Magazine article Marketing

Marketing Design Awards 2012: The 2012 Design Winners

Magazine article Marketing

Marketing Design Awards 2012: The 2012 Design Winners

Article excerpt

This year's Marketing Design Awards flew the flag for great British design in a year of unprecedented creativity, epitomised by the Olympics and the Diamond Jubilee.

Winners covered a wide range of sectors, showcasing design at work at all levels of business. As well as multinational brands such as Electrolux, Courtaulds, Uniqlo and Lafarge Cement, there were also plaudits for the design credentials of the Teenage Cancer Trust and Fine Cell Work, among other not-for-profit organisations.

In a year that was illuminated by Danny Boyle's widely applauded Olympics opening ceremony, the winners also demonstrated the quirky nature of British design.

The Grand Prix was awarded to the Brixton Pound, a local currency launched in South London in 2009, with notes that feature such local heroes as David Bowie and Len Garrison, founder of the Black Cultural Archives. The Grand Prix is awarded to the entry that the judges consider has embraced the importance of strong design as an integral component in a successful marketing campaign.

The Brixton Pound design work, by local agency This Ain't Rock'n'Roll, was the big winner of the awards, scooping the top spot in the Charity & Non Profit and Financial & Utilities categories, as well as the Identity award in the design use categories. The social enterprise was also named Client of the Year, having embraced bold thinking and delivered brave design.

Judge Jeremy Lindley, global design director at Diageo, said that the Brixton Pound caught judges' attention on many levels. 'It was brilliant to see design being brought to bear in a concept that is seeking to bring about social change and community cohesion. It was also great to see the innovative and beautiful approach that the designers had taken - a truly original and highly crafted solution that is striking and appealing.'

Designer and Red or Dead founder Wayne Hemingway chaired the awards, which were assessed by a panel of judges including representatives of brands such as Diageo and John Lewis, as well as major design agencies The judges considered 120 entries in 16 categories, covering nine product sectors and seven design-use categories including identity, products launch and rebrand.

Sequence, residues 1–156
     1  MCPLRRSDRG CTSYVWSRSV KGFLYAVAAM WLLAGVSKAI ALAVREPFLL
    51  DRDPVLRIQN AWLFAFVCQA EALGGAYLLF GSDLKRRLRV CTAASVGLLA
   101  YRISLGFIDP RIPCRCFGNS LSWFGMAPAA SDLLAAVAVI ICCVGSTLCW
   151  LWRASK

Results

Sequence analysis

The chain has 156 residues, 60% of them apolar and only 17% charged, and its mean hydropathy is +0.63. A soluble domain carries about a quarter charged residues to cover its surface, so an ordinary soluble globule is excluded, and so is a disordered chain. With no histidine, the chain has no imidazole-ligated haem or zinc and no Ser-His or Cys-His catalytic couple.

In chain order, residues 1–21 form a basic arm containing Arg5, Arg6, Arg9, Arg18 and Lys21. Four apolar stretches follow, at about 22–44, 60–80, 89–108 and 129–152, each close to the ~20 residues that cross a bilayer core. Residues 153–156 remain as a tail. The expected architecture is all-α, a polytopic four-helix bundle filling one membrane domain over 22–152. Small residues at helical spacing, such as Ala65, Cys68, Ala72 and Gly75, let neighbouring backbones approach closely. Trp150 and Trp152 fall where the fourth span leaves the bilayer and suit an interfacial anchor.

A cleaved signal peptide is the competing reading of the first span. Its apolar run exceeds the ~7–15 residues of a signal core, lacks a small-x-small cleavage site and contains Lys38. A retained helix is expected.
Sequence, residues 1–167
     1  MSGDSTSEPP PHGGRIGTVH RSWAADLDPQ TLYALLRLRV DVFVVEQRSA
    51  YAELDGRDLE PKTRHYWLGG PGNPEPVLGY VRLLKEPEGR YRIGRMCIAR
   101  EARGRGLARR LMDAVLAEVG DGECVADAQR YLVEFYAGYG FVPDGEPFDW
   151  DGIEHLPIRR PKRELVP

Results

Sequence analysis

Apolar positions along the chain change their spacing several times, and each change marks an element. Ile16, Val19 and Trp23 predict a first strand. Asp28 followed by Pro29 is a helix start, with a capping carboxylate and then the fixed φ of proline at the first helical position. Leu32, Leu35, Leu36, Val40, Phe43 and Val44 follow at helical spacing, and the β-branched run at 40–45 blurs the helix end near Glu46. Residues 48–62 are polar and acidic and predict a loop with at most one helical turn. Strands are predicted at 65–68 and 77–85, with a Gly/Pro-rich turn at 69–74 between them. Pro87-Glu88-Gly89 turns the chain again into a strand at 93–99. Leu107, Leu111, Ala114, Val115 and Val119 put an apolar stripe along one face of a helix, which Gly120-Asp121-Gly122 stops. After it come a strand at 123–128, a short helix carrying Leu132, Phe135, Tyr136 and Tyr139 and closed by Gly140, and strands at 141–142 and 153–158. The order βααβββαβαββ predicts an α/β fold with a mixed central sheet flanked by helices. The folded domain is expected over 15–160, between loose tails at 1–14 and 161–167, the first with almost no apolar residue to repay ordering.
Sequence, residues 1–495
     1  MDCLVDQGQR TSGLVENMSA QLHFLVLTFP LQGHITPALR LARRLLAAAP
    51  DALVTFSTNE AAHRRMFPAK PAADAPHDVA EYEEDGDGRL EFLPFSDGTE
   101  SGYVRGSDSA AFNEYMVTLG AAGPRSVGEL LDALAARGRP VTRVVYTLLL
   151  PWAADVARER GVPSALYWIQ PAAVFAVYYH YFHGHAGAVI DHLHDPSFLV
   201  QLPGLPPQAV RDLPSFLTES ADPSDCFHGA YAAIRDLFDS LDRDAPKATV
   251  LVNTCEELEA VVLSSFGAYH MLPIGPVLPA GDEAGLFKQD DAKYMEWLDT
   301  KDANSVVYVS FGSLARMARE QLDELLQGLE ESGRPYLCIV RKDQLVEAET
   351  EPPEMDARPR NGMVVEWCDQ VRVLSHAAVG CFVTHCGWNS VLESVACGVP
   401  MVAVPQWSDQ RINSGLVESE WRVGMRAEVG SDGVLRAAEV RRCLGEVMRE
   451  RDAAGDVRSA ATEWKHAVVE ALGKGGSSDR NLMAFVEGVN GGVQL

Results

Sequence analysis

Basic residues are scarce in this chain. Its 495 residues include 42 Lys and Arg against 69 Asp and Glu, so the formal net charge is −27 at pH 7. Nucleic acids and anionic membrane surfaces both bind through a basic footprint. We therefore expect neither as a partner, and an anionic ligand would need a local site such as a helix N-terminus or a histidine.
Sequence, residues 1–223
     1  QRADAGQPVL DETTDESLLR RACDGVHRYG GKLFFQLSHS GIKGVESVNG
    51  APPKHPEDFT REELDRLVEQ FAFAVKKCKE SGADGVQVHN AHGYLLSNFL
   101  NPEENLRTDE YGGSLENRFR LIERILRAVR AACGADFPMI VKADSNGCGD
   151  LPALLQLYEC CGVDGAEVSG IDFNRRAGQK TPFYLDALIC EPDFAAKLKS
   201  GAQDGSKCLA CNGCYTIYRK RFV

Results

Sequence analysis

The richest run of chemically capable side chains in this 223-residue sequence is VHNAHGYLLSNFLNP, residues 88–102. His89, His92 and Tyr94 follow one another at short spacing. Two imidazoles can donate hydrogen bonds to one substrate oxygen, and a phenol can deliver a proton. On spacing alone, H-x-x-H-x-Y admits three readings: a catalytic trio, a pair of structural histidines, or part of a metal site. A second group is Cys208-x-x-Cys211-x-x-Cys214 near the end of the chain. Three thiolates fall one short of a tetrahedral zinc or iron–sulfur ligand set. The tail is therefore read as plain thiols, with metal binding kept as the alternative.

The Marketing Design Awards were entered by organisations of all sizes that could clearly show how their use of design has formed an integral part of their marketing planning and implementation and had an impact on the performance of their brand and business. This year the number of entries was up by 20%, despite a tough trading environment.

'The work entered was excellent and a great showcase for the high standard of design being produced today,' said Lindley. 'Food and household were the most hotly contested categories, with a wide range of work that seemed to be moving brands forward and enhancing the consumer experience.'

British design's international reputation was demonstrated by the winner of the Food & Household (FMCG) category. Lewis Moberly picked up the award for the brand positioning, name and identity it produced for leading Mexican department-store chain El Puerto de Liverpool's gourmet food halls. The company has 60 outlets and is rolling out its Experienca Gourmet concept to target Mexico's growing middle class.

Trevor Pettit, group creative director at Oakwood MG, said that while design standards of entries were good across the board, those in the charity and non-profit categories had excelled, reflecting the particularly challenging nature of fundraising in a financially constrained market.

'It's clear that charities have to find ever-more ingenious ways of going beyond awareness-building to become effective in every sense,' he said. 'Every penny counts and all but a wasteful few were smart about the way their communication achieved this.'

The Brixton Pound picked up the award in this category, but there was a strong showing from other entrants, with commendations for The Donkey Sanctuary and Fine Cell Work, a social enterprise that trains prisoners in paid and creative needlework to help them develop a skill, hope, discipline and self-esteem. …

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